Inside your home you can control mold growth by:
- Controlling humidity levels;
- Promptly fixing leaky roofs, windows, and pipes;
- Thoroughly cleaning and drying after flooding;
- Ventilating shower, laundry, and cooking areas.
How Mold Home Inspections Work
The first step in a mold inspection should be an IAQ (Indoor Air Quality) or MAS (Mold Air Sampling) test to determine what irritants or possible mold strains are present in the home.
As mentioned before, not all mold is toxic black mold, despite the color. A visual inspection alone will not indicate how dangerous a mold growth is. Only mold testing can accurately identify the specific strain of mold in your home.
During your inspection, we will also look for signs of mold, past mold growths that could become active again, or areas with signs of moisture that could lead to future mold problems.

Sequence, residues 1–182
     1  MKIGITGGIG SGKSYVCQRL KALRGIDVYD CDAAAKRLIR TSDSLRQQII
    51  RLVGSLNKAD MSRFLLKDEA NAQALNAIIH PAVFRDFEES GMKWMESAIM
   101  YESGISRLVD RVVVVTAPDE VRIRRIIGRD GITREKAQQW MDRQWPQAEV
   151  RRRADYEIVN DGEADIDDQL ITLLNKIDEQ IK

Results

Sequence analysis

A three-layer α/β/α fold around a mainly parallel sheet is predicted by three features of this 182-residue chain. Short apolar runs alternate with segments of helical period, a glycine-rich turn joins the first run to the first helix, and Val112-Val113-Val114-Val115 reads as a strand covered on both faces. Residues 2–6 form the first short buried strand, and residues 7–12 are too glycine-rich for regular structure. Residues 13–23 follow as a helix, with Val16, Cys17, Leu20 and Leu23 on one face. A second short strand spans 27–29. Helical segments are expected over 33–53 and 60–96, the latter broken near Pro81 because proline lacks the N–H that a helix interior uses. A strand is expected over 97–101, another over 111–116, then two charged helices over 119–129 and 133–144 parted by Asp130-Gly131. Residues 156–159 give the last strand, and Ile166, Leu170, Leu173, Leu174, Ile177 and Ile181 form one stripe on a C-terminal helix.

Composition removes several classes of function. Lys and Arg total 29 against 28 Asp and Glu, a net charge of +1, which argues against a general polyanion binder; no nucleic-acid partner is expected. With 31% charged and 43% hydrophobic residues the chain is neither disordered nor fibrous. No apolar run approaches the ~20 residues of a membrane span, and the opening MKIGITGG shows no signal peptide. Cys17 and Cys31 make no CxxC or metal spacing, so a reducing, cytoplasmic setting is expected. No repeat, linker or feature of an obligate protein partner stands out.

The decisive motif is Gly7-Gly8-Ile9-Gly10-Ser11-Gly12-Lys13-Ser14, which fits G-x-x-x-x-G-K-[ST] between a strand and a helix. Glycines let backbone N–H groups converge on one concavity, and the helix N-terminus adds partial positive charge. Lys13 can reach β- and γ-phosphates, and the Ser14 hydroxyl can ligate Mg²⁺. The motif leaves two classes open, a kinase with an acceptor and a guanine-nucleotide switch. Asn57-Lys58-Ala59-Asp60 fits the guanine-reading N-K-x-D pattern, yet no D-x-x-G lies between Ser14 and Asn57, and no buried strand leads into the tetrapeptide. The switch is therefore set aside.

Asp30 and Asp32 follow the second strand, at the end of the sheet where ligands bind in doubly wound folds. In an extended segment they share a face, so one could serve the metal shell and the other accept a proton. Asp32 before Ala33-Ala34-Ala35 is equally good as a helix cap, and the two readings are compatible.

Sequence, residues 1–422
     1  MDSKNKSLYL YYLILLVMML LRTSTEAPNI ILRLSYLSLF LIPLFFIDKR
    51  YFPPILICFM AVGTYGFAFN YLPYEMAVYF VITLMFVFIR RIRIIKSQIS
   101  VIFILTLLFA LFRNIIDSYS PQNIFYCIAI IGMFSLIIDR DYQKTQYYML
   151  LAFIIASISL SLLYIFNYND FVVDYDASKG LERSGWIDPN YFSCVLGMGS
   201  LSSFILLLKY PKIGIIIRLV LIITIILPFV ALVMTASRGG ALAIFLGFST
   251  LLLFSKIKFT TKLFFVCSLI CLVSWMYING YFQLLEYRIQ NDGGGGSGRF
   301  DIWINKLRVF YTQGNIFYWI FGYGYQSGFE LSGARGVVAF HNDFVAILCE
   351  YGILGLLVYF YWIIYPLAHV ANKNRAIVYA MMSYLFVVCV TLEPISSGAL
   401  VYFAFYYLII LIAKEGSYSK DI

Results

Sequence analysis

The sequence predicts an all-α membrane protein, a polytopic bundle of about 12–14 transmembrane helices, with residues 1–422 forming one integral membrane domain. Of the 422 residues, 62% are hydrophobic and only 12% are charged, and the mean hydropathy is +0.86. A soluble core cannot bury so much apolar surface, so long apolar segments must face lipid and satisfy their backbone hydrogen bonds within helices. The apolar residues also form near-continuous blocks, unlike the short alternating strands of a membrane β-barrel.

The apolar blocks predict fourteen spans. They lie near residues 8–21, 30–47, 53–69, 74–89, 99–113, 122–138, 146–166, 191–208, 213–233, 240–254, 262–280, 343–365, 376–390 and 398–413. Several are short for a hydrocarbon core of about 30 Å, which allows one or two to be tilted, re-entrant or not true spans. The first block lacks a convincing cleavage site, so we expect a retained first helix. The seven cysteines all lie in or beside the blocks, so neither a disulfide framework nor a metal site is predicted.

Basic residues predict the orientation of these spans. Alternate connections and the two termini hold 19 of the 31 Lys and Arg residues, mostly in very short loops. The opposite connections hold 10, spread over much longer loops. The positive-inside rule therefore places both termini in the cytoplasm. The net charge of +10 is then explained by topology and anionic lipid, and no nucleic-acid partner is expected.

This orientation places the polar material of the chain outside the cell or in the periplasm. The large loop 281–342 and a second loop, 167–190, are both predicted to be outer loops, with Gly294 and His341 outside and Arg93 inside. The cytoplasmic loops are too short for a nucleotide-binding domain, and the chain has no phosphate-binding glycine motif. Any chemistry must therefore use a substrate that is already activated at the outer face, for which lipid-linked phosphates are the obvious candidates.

Next, any samples collected during the mold testing and home inspection will be sent to a certified lab for analysis and identification of the exact nature of the problems found.
Thermal imaging can also be useful in detecting the presence of water that could lead to a mold problem. For example, if you smell a musty odor but have not had any recent water damage, thermal imaging can be used to determine if there is a hidden leak inside your walls causing the mold growth.
Mold home inspections must follow strict requirements to get an accurate reading of the air quality inside your Florida home. Don’t trust this process to just anybody. Always make sure you hire an inspector that is certified to perform mold inspections and beware of prices that are too low or too high.